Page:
Abe Pollin, owner of the Washington Capitals hockey team, the Washington Bullets basketball team and the Capital Centre, was paid $1.2 million from those businesses in the fiscal year ending June 30, according to documents that Pollin delivered to the Prince George's County Council this week.

The hockey team lost $2.5 million and the basketball team lost $1.4 million during the same period. In that period, the Capital Centre grossed about $28.5 million from ticket sales, television and other revenue sources, the documents said. The documents did not provide a figure of net income from the Centre.

Pollin made the information available at the request of Councilman Anthony Cicoria, in the wake of the council's efforts to repeal a controversial $1 million tax break granted to the hockey team last year. Four of nine council members polled yesterday said the information is incomplete and unpersuasive, and that they would support an effort to repeal the tax break this fall.

The tax break was granted by the council in the spring of 1982 after Pollin, faced with what he said were mounting losses from the then-losing Capitals team, threatened to sell the team unless the council agreed to waive the county's 10 percent amusement tax for six years. He also asked fans to buy more tickets.

Early last January, newly elected council members led by incumbent Sue V. Mills threatened to repeal the tax break, saying it discriminated against other business owners. But they agreed to delay action until Cicoria's request was satisfied.

"Based on this report, I see no way I can go before the public and not reintroduce that legislation to repeal the tax break ," said Mills. "That is not an audit, that is not a complete report." The information provided was taken from a financial audit by a Washington firm.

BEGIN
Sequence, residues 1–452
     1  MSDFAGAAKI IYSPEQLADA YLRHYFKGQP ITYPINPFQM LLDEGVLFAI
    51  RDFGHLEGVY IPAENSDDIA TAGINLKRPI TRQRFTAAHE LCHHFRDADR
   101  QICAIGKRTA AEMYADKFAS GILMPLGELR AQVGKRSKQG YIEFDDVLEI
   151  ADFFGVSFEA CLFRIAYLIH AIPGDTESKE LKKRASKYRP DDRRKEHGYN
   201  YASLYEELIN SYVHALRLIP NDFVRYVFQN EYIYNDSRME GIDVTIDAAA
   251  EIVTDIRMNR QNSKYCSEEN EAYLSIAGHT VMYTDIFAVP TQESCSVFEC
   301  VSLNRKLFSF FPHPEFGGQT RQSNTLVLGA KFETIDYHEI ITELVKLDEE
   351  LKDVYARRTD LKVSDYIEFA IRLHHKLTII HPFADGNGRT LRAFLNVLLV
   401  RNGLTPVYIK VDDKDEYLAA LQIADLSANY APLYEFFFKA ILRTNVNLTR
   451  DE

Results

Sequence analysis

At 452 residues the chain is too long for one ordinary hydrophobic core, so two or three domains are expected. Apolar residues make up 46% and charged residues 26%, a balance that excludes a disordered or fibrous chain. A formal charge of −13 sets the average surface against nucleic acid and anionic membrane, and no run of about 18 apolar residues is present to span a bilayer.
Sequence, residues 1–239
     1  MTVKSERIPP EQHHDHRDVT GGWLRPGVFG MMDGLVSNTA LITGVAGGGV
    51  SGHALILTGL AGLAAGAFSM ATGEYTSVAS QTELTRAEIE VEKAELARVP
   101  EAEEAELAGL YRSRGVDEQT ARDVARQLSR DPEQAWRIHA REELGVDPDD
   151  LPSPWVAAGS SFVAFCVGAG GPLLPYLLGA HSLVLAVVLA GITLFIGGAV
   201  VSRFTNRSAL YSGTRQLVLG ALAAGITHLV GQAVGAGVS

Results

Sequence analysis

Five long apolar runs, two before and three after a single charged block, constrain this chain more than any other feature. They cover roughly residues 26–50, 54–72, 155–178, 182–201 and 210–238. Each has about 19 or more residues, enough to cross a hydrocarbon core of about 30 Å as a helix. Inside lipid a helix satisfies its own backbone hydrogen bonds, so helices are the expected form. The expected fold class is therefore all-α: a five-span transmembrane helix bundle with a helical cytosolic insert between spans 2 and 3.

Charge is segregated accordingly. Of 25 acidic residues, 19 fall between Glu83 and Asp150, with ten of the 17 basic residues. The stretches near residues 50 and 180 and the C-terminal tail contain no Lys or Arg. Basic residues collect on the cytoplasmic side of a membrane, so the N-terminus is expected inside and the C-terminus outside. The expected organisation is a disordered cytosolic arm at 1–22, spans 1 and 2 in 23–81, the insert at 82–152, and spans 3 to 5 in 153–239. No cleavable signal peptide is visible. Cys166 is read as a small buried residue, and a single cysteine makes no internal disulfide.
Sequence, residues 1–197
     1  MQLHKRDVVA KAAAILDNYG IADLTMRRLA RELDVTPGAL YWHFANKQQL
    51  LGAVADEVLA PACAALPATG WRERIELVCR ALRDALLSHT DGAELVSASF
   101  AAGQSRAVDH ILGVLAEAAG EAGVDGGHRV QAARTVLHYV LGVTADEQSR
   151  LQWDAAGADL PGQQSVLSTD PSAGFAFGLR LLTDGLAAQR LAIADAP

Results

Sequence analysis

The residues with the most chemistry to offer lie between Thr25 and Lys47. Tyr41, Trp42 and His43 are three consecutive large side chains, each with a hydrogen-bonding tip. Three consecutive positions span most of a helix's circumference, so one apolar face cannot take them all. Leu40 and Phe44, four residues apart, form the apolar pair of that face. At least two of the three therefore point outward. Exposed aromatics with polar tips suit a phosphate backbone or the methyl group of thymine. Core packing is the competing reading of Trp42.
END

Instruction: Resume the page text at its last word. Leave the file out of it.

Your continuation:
Mills added, "That $1.2 million for Mr. Pollin--I find that figure to be crazy. How am I going to justify to a taxpayer who has a $25,000 income that we can't forgive your taxes but we can forgive the taxes of someone with $1.2 million?"

Glenn T. Harrell Jr., a lawyer who represents Pollin as well as the Capitals and the Bullets, said the $1.2 million was not income but a cash payment that should be charged against Pollin's other losses. But Harrell said he did not know what the cash was used for and would not provide other information.

Since all of Pollin's companies are privately held, Pollin could not be legally compelled to provide an audit. Pollin could not be reached for comment.

The five-page statement lists revenues and expenses for the Capitals and for the Bullets, a list of gross receipts from the Capital Centre, and a "statement of cash distribution to Abe Pollin and Abe Pollin Sports, Inc." Pollin's personal holding corporation. A letter signed by Pollin said that the information "presents fairly" the results of the teams' operation for the fiscal year.

The statement listed revenues of $5.9 million for the Capitals, and operating expenses of $7.9 million. Other miscellaneous expenses for the Capitals came to about $500,000. The Bullets recorded revenues of $4.9 million, with operating expenses of $5.9 million. Other Bullets expenses amounted to almost $400,000.